In January 2024, US voters in the state of New Hampshire received a call from President Joe Biden, urging them to refrain from voting in the primary election. Only, they didn’t. It was a robocall using deepfake audio to impersonate the President. 

The likeness of the AI generated audio to President Biden’s voice (which can be listened to here) speaks to the growing sophistication of deepfakes, raising alarm bells about the potential misuse of the technology.

In the lead-up to major elections, concerns about the proliferation of deepfake content have surged, prompting investigations into the average viewer’s ability to discern between genuine and artificially generated media.

The challenge in detecting deepfakes lies in the technology’s increasing refinement. High-end manipulations, often focus on facial transformations, make it challenging for viewers to discern authenticity.

GlobalData analyst Emma Christy warns, “a significant number of people will be unable to discern deepfake audio from reality, with catastrophic implications for countries holding elections this year.

Christy cites a 2023 University College London study in which participants were only able to identify fake speech 73% of the time, only improving slightly after they received training to recognise aspects of deepfake speech. “The samples used in the study were created with relatively old AI algorithms, which suggests humans might be less able to detect deepfake speech created using present and future AI,” says Christy.

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recent study, published in iScience, revealed that people struggle to reliably detect manipulated video content. Despite being informed that half of the videos were authentic, participants guessed that 67.4% were genuine.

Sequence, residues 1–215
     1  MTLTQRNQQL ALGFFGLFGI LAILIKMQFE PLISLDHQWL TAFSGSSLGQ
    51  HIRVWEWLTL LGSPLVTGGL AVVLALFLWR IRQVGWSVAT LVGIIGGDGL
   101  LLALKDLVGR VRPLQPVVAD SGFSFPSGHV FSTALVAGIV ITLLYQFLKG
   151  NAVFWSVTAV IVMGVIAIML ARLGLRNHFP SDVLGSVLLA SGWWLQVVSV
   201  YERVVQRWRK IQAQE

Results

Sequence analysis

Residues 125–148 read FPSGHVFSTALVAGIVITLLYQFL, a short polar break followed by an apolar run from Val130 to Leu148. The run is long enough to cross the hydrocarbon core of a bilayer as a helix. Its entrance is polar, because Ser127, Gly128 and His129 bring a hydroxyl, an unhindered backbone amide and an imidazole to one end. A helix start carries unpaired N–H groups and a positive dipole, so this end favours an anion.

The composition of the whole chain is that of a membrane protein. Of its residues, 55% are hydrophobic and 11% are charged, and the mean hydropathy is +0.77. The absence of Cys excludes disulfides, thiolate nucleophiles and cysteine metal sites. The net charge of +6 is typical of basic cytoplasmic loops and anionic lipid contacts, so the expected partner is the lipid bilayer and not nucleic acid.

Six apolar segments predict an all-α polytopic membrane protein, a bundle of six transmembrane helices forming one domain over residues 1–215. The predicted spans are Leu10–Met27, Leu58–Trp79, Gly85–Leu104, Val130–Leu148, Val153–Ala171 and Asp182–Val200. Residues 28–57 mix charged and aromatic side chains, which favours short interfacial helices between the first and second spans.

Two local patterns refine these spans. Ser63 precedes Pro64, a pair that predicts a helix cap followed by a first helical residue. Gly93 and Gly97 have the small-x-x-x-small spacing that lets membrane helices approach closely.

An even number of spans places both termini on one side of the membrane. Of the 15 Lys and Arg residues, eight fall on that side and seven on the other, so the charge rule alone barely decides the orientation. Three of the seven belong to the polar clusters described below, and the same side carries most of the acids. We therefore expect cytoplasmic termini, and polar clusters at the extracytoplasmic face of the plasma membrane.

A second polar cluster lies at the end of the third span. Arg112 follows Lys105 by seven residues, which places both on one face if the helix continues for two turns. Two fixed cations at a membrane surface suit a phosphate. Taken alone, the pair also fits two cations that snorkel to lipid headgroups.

As the ability to generate deepfakes has become more accessible, concerns about accountability and the use of deepfakes in deceptive campaigns, such as mass voter misinformation efforts, are coming to the fore. 

MIT’s DetectFakes Project, developed as a research project, explores how well ordinary individuals can distinguish authentic videos from those produced by artificial intelligence. 

The Kaggle Deepfake Detection Challenge (DFDC) enlisted the collaborative efforts of industry giants like AWS, Facebook, and Microsoft, along with academic institutions, to incentivize the development of innovative technologies for deepfake detection, awarding a substantial $1m to the competition winners.

The challenge posed by deepfakes goes beyond traditional fake news, as these AI-generated content pieces are more convincing and tend to create false narratives that resonate with individuals’ beliefs.

Former Google fraud czar, Shuman Ghosemajumder, warned of the societal concern surrounding deepfakes, emphasising their potential to damage individuals and influence public opinion.

Research indicates that people struggle to differentiate between real and deepfake content, with the potential for deepfakes to sow uncertainty and erode trust in genuine media.

A multi-faceted approach

Efforts to detect and prevent deepfakes are underway, with researchers developing software and proposing updates to election campaign fraud rules. However, the continual advancement of AI technology poses a persistent challenge, making it crucial to educate the public on the existence of deepfakes and how to identify them. 

As deepfakes become more accessible and convincing, addressing this threat requires a multi-faceted approach, involving technological advancements, regulatory measures, and public awareness initiatives.

Such a big election year in 2024 may serve as a critical testing ground for society’s ability to navigate the challenges posed by AI-generated content.